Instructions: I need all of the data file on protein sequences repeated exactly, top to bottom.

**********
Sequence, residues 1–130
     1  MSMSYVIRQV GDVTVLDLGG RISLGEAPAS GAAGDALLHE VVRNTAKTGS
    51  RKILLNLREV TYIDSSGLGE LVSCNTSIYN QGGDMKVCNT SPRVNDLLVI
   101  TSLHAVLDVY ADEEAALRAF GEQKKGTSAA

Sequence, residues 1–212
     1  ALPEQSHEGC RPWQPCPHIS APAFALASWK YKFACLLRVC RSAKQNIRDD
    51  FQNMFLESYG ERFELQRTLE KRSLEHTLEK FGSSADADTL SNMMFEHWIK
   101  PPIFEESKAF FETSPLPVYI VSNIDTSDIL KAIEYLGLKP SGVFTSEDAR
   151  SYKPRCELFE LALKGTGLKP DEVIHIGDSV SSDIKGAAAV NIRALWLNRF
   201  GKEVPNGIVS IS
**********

Sequence, residues 1–130
     1  MSMSYVIRQV GDVTVLDLGG RISLGEAPAS GAAGDALLHE VVRNTAKTGS
    51  RKILLNLREV TYIDSSGLGE LVSCNTSIYN QGGDMKVCNT SPRVNDLLVI
   101  TSLHAVLDVY ADEEAALRAF GEQKKGTSAA

Sequence, residues 1–212
     1  ALPEQSHEGC RPWQPCPHIS APAFALASWK YKFACLLRVC RSAKQNIRDD
    51  FQNMFLESYG ERFELQRTLE KRSLEHTLEK FGSSADADTL SNMMFEHWIK
   101  PPIFEESKAF FETSPLPVYI VSNIDTSDIL KAIEYLGLKP SGVFTSEDAR
   151  SYKPRCELFE LALKGTGLKP DEVIHIGDSV SSDIKGAAAV NIRALWLNRF
   201  GKEVPNGIVS IS